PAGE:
The Agincourt Bride by Joanna Hickson

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The Agincourt Bride by Joanna Hickson

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Category: Historical Fiction
Rating: 4/5
Reviewer: Ani Johnson
Reviewed by Ani Johnson
Summary: A fascinating look at 15th century royal court life, French style. The star of the show is Mette the narrator, not the royal Catherine de Valois, but Mette's so good that's no hardship.
Buy? Yes Borrow? Yes
Pages: 592 Date: January 2013
Publisher: Harper
ISBN: 978-0007446971

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Shortlisted for Romantic Novelist Association Historical Romantic Novel 2014

Baker's daughter Guillaumette Dupain, aged 15, mourns for her still-born baby but her tragedy becomes others' gain. Young Mette is sent to the Hotel de San Pol, home of the French royal family to become wet nurse to the latest child produced by the sickly Charles VI and his wife, Isabella of Bavaria. The infant is Catherine de Valois; destined to be the mother of an English dynasty. But first she must live long enough to marry an English king and being a 15th century royal is a dangerous existence when your greatest enemies are in your own family.

Joanna Hickson has spent a life time preparing to write this novel. Before she wrote her children's novel or the Scottish novels under the name of Joanna McDonald, even before she spent 25 years writing for the BBC she was a child drawn to stories of Catherine and her international connections.

The story is told in the first person by the fictional Mette. She undoubtedly loves Catherine, devoting her life to her service and the beautiful Catherine returns and recognises this affection in many ways. However, Catherine is no brainless beauty. She learns the art of politics and manipulation at an early age through necessity, still managing to appear as a beacon of goodness amidst the dark acquisitiveness of her mother and Isabella's lover, the Duke of Burgundy. He also happens to be Catherine's cousin and evil with no apparent redeeming qualities, but this is justified by the voice that recounts the tale. Where Catherine and Mette are concerned, he has done and continues to do himself no favours in the popularity stakes.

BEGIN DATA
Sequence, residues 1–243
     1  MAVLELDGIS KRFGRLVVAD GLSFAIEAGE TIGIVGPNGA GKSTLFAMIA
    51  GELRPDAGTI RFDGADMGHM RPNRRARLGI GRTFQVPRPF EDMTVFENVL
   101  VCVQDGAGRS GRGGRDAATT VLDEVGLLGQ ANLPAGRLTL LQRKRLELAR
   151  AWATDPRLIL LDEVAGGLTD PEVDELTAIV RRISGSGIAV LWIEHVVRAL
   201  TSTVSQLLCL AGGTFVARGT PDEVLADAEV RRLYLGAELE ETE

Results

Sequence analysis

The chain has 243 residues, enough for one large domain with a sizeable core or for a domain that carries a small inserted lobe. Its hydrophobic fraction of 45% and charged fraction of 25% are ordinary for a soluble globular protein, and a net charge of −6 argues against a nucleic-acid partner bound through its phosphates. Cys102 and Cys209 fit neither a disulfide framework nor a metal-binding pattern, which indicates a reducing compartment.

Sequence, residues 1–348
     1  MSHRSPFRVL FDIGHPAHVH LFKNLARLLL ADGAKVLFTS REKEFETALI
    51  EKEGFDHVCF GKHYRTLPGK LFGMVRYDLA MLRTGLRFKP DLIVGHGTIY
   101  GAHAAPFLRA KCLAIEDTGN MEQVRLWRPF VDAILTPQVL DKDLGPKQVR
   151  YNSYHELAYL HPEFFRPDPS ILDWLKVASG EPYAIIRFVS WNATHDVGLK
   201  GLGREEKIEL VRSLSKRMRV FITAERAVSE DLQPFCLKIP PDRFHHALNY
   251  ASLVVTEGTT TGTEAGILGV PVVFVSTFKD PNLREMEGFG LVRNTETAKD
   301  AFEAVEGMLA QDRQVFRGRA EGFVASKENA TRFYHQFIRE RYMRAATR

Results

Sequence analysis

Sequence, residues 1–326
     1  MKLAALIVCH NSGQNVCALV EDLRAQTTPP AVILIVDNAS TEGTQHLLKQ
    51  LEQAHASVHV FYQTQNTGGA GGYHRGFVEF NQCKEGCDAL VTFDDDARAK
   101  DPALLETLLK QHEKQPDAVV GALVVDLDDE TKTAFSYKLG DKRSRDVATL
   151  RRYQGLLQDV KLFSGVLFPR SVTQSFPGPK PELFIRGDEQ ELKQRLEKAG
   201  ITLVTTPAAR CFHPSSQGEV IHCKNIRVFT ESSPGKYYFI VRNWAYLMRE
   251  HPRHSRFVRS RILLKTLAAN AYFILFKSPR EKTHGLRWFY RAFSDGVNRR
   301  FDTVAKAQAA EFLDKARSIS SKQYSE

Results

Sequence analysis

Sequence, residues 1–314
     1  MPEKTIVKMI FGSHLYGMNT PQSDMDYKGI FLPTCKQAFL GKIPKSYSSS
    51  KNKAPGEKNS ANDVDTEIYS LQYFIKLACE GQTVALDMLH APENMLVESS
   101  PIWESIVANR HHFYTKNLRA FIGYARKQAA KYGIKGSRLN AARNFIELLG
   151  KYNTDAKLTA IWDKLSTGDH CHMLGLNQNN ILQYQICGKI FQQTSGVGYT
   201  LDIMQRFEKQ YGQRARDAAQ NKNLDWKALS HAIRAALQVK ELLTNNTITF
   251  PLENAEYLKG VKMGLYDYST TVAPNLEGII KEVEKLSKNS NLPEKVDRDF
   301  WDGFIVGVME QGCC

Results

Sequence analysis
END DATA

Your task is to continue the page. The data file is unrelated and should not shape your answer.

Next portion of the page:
The courtly world is as interesting as it is dangerous. Catherine's father suffers from a debilitating mental illness making him a puppet king. As befits her position, Catherine's lot is that of political pawn with an on-again-off-again future which proves understandably unsettling. Just as unsettling as the French underestimating the English at Agincourt, another key event of Catherine's early life as Charles VI's army is trounced by archers.

Agincourt presents a problem because our eyes, Mette, as Catherine's nurse, wouldn't have been present at the battle. We therefore depend on news brought back by heralds, meaning we're one step removed from the action in the battle but, on the whole, the intrigues and problems with the royal household we're tied to keep us occupied.

Joanna Hickson's passion shows in the novel's length and occasionally it felt a little over-written. Also, very occasionally, something jarred. (Did people in the 15th century really refer to weird guys and would a new bride raised in the era need to be lectured post-wedding on the demeanour of a married woman?) However, none of this was enough to stop me loving Mette.

Becoming a spy/special agent for her princess, Mette induced some reader white knuckling and when she was violated, the image was incredibly real (emotionally, so not squeamishly). In fact when Catherine later received similar treatment I didn't feel half as much. I was enthralled by Catherine but as a historic figure rather than a real person. Perhaps showing us Catherine through Mette's eyes lessened that sense of personal engagement?

This is definitely Mette's story as she and her family vividly guide us around a world where the penniless royal court relies on kudos for the provision of necessities and a king who plays with ships in the bath. If you, like me, end up looking forward to more of Mette then your wish will be fulfilled. The Tudor Bride, Joanna Hickson's second Catherine book, is due out autumn 2013 with the promise of more archers, one being perhaps a little more special than the rest.

If reading this leaves you with a fancy for more 15th century, we recommend The White Queen by Philippa Gregory. We also have a review of Red Rose, White Rose by Joanna Hickson.

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Buy The Agincourt Bride by Joanna Hickson at Amazon You can read more book reviews or buy The Agincourt Bride by Joanna Hickson at


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